Scoliosis (Idiopathic)



  • Scoliosis: lateral curvature of spine exceeding 10 degrees on PA full-spine radiograph (with rotation of spine); curves <10 are termed spinal asymmetry; considered idiopathic only after other causes have been excluded
  • Kyphosis: anteriorly concave curvature of vertebral column


  • Female-to-male ratios:
    • 1.4:1 for curves 11–20 degrees
    • 5.4:1 for curves >20 degrees


  • Generally considered 1.5–3% for curves ≥10 degrees
  • 0.3–0.5% for curves >20 degrees

Risk Factors


Positive familial history for idiopathic scoliosis in 30% (not predictive of severity)

  • Under active investigation: GWAS and whole exome sequencing studies
  • Several candidate genes have been identified.


By definition, unknown; listed are some theories, none proven in isolation:

  • Genetic
    • Positive familial history for scoliosis in 30% (not predictive of severity)
  • Connective tissue disorder
    • Associated with several connective tissue disorders (including Marfan syndrome, Ehlers-Danlos syndrome, etc.)
    • Alterations in connective tissue of the spine, paraspinous muscles, and platelets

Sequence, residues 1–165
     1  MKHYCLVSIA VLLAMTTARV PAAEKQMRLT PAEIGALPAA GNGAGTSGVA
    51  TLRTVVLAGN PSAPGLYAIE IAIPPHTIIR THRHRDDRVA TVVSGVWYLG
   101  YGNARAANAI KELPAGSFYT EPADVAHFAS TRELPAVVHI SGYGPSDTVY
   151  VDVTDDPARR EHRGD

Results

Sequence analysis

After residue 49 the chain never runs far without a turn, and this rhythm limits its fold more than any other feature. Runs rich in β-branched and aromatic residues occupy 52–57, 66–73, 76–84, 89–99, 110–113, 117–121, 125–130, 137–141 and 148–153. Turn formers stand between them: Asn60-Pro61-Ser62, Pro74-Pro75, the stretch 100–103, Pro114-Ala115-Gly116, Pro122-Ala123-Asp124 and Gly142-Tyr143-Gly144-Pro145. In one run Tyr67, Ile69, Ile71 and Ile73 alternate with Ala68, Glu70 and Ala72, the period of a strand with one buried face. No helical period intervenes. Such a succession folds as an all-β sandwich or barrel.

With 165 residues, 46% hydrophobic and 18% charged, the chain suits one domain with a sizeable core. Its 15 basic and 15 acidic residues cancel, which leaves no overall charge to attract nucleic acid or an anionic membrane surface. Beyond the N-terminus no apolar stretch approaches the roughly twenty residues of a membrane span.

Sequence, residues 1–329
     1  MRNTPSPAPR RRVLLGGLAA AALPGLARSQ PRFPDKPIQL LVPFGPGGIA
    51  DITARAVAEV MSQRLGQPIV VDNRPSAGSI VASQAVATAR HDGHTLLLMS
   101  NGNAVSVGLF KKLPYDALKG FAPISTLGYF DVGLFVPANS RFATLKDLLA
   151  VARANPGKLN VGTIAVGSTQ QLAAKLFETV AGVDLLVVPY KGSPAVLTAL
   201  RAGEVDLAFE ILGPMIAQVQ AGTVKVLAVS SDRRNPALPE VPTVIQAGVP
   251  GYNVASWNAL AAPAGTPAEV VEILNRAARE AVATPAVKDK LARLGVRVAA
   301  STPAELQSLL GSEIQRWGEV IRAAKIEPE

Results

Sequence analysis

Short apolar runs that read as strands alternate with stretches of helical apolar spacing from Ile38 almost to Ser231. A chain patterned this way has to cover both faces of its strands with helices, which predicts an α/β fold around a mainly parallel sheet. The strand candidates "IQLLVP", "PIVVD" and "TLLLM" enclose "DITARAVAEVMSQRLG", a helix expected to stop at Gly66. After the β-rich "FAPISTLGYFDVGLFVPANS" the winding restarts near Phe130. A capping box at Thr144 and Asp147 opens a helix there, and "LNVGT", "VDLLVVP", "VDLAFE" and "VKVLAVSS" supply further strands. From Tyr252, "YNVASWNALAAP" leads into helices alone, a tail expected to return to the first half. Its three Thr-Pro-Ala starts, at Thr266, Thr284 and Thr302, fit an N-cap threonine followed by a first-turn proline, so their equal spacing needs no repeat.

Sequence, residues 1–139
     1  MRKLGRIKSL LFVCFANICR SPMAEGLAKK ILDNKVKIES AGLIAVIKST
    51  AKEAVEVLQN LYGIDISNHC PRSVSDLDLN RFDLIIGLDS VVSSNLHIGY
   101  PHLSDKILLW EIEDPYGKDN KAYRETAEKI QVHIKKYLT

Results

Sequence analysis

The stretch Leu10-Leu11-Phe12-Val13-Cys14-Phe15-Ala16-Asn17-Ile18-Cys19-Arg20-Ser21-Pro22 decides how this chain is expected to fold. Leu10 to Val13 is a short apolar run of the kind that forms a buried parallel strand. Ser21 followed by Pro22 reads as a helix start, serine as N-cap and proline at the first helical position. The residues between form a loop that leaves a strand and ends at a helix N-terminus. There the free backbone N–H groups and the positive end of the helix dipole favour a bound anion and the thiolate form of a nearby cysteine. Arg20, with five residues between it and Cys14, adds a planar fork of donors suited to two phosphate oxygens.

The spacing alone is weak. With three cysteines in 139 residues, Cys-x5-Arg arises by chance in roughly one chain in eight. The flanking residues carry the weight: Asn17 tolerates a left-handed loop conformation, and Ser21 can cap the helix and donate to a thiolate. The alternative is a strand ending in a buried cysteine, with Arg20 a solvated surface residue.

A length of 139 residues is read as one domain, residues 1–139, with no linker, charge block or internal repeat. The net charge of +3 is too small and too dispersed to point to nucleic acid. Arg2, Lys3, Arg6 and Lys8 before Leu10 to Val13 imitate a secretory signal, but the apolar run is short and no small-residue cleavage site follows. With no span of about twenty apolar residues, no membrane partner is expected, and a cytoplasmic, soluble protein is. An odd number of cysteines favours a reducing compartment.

• May be related to osteopenia (decreased bone mineral density) of vertebral bodies
  • Neurologic (equilibrium system)
    • Abnormalities noted in vestibular, ocular, proprioceptive, and vibratory functions
  • Hormonal
    • Lower levels of melatonin secreted from pineal body in those with adolescent idiopathic scoliosis
    • Growth hormone: more of an influential factor than an etiologic factor in studies
    • Vertebral growth abnormalities
    • Asymmetric growth rates between the right and left sides of the spine

Commonly Associated Conditions

  • Connective tissue disorders, including Marfan syndrome and Ehlers-Danlos syndrome
  • Neurofibromatosis
  • Neuromuscular conditions, including cerebral palsy, spina bifida, spinal muscular atrophy, Friedreich ataxia, etc.
  • If any of these conditions are present, the diagnosis is no longer idiopathic.

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